The Peace Journalists Network (PJN) is a coalition of Nigerian Journalists committed to following the tenets of Peace Journalism, which include: 

  • reporting peace initiatives across the country; 
  • uncovering the non-visible effects of conflicts on societies and individuals; going beyond the conflict issues to cover the systemic, structural and relational causes of conflict; 
  • emphasizing solutions at relational, structural and systemic levels; 
  • covering all sides of the conflict, and avoiding incendiary comments; 
  • relying not only on official sources but also and more importantly, on the direct victims of the conflicts; 
  • encouraging the society to value non-violent responses and peaceful resolution of conflicts; 
  • giving greater voice to peace makers across the country.

 

Purpose of the PJN

  • Develop and maintain best practices on Peace Journalism in Nigeria.
  • Develop guidelines for Peace Journalism practice in Nigeria.
  • Train and maintain a database of Peace Journalists in Nigeria.
  • Maintain a database of expertise, resources, contacts that are useful to peace reporting.
  • Serve as a focalpoint for Peace Journalism in Nigeria.

Why are we doing this?

  • To create an enabling socio-political environment for conflict transformation processes to take root in Nigeria.
     
  • To use the media to leverage peace building achievements across Nigeria.
     
  • To expand the role of the media and other public diplomacy activities in transforming patterns of conflict in Nigeria and build local cultures of peace across the country.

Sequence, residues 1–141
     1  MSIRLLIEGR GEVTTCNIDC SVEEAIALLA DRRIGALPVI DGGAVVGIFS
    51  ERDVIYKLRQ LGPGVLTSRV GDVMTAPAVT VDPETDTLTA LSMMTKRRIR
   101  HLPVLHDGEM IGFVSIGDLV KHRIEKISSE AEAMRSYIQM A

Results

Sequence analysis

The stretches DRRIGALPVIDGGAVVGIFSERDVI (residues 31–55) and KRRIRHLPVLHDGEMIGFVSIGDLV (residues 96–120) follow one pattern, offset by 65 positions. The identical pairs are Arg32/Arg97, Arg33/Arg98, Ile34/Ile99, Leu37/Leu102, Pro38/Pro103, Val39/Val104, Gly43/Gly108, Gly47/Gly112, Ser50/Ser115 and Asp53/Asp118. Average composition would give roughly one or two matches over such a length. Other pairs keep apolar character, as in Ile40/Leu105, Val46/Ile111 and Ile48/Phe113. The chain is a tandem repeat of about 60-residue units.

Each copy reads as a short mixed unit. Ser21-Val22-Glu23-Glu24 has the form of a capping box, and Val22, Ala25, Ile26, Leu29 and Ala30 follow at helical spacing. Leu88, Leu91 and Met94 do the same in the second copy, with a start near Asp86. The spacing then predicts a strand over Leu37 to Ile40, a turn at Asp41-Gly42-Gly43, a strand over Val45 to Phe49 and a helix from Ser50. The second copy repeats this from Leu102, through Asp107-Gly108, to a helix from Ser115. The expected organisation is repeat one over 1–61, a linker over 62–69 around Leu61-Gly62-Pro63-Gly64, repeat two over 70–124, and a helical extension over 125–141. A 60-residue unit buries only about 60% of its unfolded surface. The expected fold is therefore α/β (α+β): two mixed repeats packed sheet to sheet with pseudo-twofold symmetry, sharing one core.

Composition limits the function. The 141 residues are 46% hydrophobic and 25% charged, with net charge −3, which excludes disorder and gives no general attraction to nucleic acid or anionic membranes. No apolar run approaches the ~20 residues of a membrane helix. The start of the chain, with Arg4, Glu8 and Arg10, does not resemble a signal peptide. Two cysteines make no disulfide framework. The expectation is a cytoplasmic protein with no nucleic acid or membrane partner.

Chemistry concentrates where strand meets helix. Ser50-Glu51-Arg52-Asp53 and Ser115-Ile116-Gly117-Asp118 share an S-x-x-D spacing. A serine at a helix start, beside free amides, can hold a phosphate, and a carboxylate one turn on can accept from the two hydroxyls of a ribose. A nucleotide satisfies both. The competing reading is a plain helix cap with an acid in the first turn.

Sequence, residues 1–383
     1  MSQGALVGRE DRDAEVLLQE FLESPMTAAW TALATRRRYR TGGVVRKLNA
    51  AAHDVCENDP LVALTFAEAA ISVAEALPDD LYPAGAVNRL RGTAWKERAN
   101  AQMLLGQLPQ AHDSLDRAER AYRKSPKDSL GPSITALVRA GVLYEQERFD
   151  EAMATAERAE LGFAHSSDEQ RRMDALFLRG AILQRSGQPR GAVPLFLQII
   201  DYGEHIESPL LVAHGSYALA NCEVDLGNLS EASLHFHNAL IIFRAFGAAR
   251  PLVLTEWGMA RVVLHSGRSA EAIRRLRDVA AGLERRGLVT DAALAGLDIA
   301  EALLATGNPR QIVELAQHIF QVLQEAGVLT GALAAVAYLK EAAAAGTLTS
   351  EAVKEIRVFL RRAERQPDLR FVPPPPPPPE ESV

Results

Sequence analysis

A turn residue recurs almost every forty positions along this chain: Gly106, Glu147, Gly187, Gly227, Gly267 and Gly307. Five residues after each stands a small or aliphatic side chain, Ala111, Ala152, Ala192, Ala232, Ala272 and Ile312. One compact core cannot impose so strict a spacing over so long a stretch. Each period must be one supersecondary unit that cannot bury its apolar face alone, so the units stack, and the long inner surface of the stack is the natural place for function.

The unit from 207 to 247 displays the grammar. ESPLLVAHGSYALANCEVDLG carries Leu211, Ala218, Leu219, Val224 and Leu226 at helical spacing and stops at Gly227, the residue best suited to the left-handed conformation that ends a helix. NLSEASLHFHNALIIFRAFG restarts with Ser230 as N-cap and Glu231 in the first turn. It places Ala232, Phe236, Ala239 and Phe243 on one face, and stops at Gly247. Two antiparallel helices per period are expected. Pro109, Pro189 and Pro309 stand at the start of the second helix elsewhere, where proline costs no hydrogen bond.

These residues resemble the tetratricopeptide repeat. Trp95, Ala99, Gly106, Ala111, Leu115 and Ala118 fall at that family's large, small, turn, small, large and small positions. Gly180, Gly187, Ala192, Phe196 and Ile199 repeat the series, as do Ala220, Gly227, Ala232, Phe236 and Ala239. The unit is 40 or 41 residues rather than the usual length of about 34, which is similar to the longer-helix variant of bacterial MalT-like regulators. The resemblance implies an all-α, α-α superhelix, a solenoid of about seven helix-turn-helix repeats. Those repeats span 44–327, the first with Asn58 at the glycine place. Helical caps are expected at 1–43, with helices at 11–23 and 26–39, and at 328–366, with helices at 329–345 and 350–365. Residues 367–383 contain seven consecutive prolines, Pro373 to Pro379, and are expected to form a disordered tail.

• To curate and cultivate various peace initiatives in Nigeria and merge them into a viable and compelling national narrative for sustainable conflict transformation.
     
  • To ensure that local peace efforts (including traditional reconciliation and conflict resolution methods) are emphasized and made relevant to national peace dialogues and discourses.

Who benefits?

This website is for Nigerian journalists.  Its main purpose is to share perspectives, exchange best practices, seek feedback from colleagues, and learn about new developments in the emerging field of Peace Journalism.  Our main means of communicating is through our professional forum for practitioners.  Visitors are invited to share stories, ask questions, participate in lively debate.  No memberships or passwords required.

Students and people interested in peace studies may also be interested in perusing the content, which will be regularly updated, and participating in discussions.  

You can also contact us by phone or email.


One of the core problems with Conventional or War Reporting is that it is based on the faulty assumption that violence is a direct response to conflicts and crises.
— Jacob Udo-Udo Jacob

 

This project is funded by
the US Embassy in Abuja